Hanli Zheng greeted me with a warm handshake and a beaming smile. “Good to
meet you,” he said, “…come inside and have a bottle of water”.
I had heard great things about Mr Zheng: wonderfully talent artist; distinguished professor of art; gifted
teacher; and great with kids.
Zhou Zhou, who is five years old, is a big fan of his.
“I love going there [to Mr Zheng’s summer art school], it’s great
fun and the teacher is really cool.” Before
her five-lesson crash course in art at Mr Zheng’s, all of Zhou Zhou's paintings contained stick characters with round
heads and big smiley faces. After a dozen
or so hours of tuition from Mr Zheng and his wife, Ms Wei, she’s gone from matchstick men to the attached Van Goghesque
The burning question I had to ask was:
Why does someone whose work now commands five figure reserve prices in European auction houses teach art to small
groups of five to eleven year olds in his summer school in Beidaihe, a small town in Hebei province?
Mr Zheng’s face lit up. “Why?!” he beamed.
“It’s because I just love to teach children. They are so open to doing new things”.
And how does teaching small children compare with teaching
“I can be absolutely
straight with the young ones… I can tell them what I think in a direct way, without needing to dress up the words.”
Mr Zheng’s love of children is apparent
in his sensitive depiction of them in some of his paintings; many of which feature auto-biographical scenes from his childhood
in a remote, small mountain village in Dongbei’s [Manchuria’s] Jilin province, very near to the border with North
It was there that he
developed his love of art. Somehow his talent
was spotted and he was able to progress through the system all the way to study art at university in Changchun. Then the army came calling.
He was signed up by the army’s entertainment division,
which toured the region’s bases, performing song and dance (with revolutionary verve and propagandist scripts no doubt). Mr Zheng smiles at the memory of this. “The army and I didn’t really get on… we had a different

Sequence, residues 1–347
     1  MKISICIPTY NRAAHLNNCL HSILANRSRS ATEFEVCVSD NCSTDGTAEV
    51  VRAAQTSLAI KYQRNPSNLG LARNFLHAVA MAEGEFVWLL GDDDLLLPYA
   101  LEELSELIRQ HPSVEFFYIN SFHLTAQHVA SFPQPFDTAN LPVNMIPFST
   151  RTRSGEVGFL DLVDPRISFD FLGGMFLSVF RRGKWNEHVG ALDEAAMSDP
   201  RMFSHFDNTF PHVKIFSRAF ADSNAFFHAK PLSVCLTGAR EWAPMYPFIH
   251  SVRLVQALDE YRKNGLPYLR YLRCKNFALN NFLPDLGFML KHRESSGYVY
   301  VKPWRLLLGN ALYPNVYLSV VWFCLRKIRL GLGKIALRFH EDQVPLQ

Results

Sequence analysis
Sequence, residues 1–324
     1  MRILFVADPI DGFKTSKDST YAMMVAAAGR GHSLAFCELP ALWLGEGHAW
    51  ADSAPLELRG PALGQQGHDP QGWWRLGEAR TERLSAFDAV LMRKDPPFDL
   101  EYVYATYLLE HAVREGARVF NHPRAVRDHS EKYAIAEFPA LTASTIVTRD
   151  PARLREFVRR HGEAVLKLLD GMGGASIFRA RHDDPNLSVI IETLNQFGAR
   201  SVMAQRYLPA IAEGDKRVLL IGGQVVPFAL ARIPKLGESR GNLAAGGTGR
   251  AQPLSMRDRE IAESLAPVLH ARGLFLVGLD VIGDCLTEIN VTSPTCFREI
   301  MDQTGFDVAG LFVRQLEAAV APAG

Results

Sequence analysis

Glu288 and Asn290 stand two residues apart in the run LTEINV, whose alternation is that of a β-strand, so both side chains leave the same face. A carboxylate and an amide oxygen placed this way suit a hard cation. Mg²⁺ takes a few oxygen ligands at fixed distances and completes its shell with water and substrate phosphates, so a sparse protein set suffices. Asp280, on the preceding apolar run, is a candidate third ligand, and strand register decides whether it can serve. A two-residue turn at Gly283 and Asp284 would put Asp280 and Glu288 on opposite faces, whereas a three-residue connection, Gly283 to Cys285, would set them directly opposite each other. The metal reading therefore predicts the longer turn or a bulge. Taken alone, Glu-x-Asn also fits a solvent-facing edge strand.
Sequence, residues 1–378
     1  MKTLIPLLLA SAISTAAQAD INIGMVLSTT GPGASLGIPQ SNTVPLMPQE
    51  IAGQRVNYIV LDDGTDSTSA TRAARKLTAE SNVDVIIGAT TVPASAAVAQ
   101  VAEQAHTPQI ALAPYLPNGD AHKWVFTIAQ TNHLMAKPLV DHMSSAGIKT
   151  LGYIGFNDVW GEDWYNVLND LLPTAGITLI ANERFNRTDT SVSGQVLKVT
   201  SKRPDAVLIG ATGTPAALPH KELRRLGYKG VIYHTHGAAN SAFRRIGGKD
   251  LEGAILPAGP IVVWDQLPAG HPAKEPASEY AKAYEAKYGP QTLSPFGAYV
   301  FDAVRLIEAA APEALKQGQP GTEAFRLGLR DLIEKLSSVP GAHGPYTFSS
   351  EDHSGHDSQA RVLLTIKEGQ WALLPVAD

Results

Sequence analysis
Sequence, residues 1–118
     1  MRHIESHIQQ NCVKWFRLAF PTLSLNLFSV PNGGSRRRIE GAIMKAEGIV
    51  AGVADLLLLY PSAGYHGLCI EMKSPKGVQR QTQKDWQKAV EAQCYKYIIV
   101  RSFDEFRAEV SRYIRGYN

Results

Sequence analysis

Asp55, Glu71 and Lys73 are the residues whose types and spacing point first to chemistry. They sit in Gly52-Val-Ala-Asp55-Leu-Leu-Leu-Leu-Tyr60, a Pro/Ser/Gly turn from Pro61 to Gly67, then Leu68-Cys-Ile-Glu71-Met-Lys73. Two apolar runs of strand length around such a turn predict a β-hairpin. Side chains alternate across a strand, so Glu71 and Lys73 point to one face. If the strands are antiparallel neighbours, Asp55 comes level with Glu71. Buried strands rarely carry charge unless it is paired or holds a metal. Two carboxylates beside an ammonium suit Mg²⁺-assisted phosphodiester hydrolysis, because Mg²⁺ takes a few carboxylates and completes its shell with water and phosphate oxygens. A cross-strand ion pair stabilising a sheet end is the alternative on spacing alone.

way of thinking,” he says with a glint
in his eye while gesturing to the long black pony tail that has been his trade mark since he was (honourably) discharged.
On leaving the army, Mr Zheng took up a
post as a teacher at Yanshan University (where he met his wife), in Qinhuangdao, Hebei province. After several years there he was awarded a professorship. Although he loves teaching, he most enjoys the time in his studio painting
I asked him about the
future and what he dreams of doing. More
than anything he would like to exhibit his work in the great art cities of Europe. But before he does that, he dreams of fulfilling a boyhood ambition by travelling there to study
the great artists that have inspired him. He
lists Michelangelo, Picasso, Turner, Hogarth and – I wasn’t surprised to hear – Van Gogh as his favourites.
As he talks about this “dream trip” his eyes light up again. He talks animatedly, in short, sharp sentences, that are punctuated with smiles of wonderment. It’s as if, as a boy, he were being asked “what
would you like to do when you grow up”. In a word, Mr Zheng, then as now, wants to “explore” – and, of course, to savour every moment while
doing so. He sees the world with the eyes
of someone who is in awe of the wonderful things that can be discovered.
Even when he talks about topics that the vast-majority of grown-ups
would consider mundane, Mr Zheng exudes excitement. It’s this boundless energy and enthusiasm that his young pupils can readily empathise with.
Mr Zheng takes his place among the small group
of young children. “Right!” he enthuses, “What are we going to do today?!”.